Beggs was among a group of City Council members and other local progressives targeted in a dossier that Shea shared in private emails in 2017. Those leaked emails were first reported by The Spokesman-Review in August, along with other messages showing Shea sought to purchase GPS devices to track political opponents.
Hamilton started a group called Indivisible Spokane just after Donald Trump was elected president. Her name appeared in private text messages in 2017, first reported by the Guardian, in which Shea offered to conduct background checks on liberal demonstrators and his friends proposed graphic acts of violence.
“People who have a platform as a government official – if they’re spreading words of hate and trying to undermine democratic institutions, and potentially bordering on calls for violence against people, they don’t have a place in our elected government,” Beggs said. “He obviously has some free speech rights in the world, but he should not be part of the government.”
Following a pattern in recent weeks, Shea was again a topic of impassioned testimony by people who addressed the Spokane City Council on Monday evening. The city of Spokane is not in the 4th Legislative District, which covers Spokane Valley and the northeast corner of Spokane County.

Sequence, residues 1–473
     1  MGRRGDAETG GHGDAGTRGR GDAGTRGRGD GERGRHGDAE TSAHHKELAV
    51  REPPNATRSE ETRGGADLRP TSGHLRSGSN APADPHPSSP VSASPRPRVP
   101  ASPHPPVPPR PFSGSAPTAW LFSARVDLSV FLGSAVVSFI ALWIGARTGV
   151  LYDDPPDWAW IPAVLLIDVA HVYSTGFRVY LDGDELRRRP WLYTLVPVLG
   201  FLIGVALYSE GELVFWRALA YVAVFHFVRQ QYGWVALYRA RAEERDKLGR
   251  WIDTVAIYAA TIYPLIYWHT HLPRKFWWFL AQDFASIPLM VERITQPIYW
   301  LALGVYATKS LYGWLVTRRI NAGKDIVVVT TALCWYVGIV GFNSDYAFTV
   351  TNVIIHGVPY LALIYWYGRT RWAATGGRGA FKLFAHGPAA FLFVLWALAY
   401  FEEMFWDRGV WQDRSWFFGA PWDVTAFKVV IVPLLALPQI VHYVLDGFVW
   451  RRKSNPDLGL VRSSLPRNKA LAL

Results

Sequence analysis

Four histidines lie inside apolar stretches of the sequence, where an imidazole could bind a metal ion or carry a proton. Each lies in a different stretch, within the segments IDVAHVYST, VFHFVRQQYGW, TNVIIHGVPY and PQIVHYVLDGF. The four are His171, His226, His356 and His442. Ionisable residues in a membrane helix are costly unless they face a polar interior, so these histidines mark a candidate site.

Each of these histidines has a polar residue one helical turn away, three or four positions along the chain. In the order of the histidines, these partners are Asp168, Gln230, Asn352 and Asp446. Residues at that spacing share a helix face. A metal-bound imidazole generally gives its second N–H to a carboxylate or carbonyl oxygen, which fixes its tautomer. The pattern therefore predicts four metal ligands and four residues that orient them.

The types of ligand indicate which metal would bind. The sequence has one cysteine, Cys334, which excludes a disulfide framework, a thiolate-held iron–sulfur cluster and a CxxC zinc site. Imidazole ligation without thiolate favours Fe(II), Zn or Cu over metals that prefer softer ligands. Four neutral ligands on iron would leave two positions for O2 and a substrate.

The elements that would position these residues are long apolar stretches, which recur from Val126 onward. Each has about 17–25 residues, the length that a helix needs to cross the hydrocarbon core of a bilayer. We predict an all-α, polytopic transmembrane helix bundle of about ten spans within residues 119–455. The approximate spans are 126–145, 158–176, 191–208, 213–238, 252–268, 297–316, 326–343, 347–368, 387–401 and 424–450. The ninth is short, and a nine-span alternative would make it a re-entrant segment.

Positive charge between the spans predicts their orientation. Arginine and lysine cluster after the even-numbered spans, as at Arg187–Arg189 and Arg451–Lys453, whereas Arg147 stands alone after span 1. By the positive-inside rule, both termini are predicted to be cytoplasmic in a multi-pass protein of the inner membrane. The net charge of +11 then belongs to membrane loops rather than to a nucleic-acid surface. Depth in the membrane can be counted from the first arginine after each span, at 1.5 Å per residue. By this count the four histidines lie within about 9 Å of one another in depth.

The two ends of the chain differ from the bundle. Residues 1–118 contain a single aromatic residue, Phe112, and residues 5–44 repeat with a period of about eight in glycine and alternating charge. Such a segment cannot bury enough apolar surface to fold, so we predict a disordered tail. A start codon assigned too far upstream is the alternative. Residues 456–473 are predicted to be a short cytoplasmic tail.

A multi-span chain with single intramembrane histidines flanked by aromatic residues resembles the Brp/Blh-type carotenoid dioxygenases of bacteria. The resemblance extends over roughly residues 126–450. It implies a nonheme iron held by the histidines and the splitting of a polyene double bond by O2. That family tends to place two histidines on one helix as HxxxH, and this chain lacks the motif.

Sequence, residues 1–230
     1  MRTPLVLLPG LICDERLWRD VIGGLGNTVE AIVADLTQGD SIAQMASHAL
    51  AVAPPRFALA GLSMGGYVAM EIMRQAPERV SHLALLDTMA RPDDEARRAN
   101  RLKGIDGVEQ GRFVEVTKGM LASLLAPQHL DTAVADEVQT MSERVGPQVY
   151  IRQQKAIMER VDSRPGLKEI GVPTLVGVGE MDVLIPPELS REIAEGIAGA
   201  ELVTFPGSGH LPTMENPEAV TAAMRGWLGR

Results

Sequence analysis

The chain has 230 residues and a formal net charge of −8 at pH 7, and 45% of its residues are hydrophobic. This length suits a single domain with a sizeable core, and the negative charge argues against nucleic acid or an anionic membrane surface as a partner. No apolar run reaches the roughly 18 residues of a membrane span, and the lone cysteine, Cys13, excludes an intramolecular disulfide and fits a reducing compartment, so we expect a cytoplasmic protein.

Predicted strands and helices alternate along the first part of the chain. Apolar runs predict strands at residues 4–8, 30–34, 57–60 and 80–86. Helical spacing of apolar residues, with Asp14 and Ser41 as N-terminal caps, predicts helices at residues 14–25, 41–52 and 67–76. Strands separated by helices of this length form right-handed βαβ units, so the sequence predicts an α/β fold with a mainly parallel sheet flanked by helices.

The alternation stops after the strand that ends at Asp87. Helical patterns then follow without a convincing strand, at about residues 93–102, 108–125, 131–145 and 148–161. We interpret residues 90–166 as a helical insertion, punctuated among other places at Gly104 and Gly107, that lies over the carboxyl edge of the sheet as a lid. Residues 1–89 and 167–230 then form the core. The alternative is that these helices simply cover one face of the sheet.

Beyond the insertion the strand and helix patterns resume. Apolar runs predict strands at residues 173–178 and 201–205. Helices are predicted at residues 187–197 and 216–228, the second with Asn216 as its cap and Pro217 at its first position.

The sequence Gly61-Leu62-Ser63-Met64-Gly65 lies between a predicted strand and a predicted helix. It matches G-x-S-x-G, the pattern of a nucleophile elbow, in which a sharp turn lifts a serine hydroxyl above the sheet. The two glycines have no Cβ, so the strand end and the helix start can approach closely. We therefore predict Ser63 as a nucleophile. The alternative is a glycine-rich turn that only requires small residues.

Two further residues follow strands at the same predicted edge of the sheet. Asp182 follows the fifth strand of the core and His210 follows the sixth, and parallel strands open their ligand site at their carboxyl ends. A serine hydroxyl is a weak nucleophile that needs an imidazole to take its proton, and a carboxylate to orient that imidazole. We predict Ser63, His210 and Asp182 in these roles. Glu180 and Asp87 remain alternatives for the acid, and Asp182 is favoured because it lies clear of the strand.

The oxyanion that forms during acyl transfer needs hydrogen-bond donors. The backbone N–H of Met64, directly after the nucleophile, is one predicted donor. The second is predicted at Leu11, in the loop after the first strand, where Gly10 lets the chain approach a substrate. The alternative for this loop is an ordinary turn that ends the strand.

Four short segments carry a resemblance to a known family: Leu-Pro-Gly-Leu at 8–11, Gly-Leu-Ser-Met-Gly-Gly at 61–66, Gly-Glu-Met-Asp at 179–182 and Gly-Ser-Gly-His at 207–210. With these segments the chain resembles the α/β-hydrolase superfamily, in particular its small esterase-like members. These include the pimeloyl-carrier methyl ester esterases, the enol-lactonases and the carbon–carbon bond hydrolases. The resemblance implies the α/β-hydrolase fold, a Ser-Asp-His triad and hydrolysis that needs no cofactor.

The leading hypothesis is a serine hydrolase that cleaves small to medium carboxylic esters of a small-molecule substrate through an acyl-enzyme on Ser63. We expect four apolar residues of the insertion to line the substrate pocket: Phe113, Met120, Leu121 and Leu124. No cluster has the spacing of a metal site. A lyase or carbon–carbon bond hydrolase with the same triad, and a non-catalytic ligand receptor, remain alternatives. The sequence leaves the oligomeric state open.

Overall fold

In Olympia, some two dozen Shea supporters greeted arriving lawmakers and staff early Monday morning with hand-painted signs proclaiming “We Stand With Matt Shea,” then joined a rally to support Initiative 976 on the north steps of the Capitol.
Ed Yasukawa, of Seattle, held a sign supporting Shea and another calling for the Legislature to pass a bill with the same language as the car tab initiative, which could overcome a court challenge.
“I like him because he stands up for liberty,” Yasukawa said of Shea.
Peggy Hutt, of Gig Harbor, also held a sign supporting Shea and said the legislator had been denied due process when he was kicked out of the GOP caucus. Hutt, a member of the Tacoma Narrows Tea Party who said she has met Shea at many events over the years, called the Rampart Group report “fabricated crap.”
“If he’s done something wrong, where are the charges?” she said.
When the report was made public in December, House leaders said they had forwarded the findings to the FBI and the U.S. attorney’s office.
Shea spoke to a receptive audience Friday evening at Covenant Church in Spokane Valley, where he was introduced by Pastor Ken Peters, who leads regular anti-abortion protests outside the Planned Parenthood clinic in Spokane.
During the event, which they called “Exposing Leftism Push Back Night,” Peters called leftist ideology a “poison” and a “cancer” and urged his followers to resist “those that are attacking God’s principles.”
“In these last days, it’s important that you pick and be on the right side because God is eliminating the middle,” Peters said. “The middle is being eliminated, and you’ve got to pick a side. Politics as usual isn’t going to fly anymore.”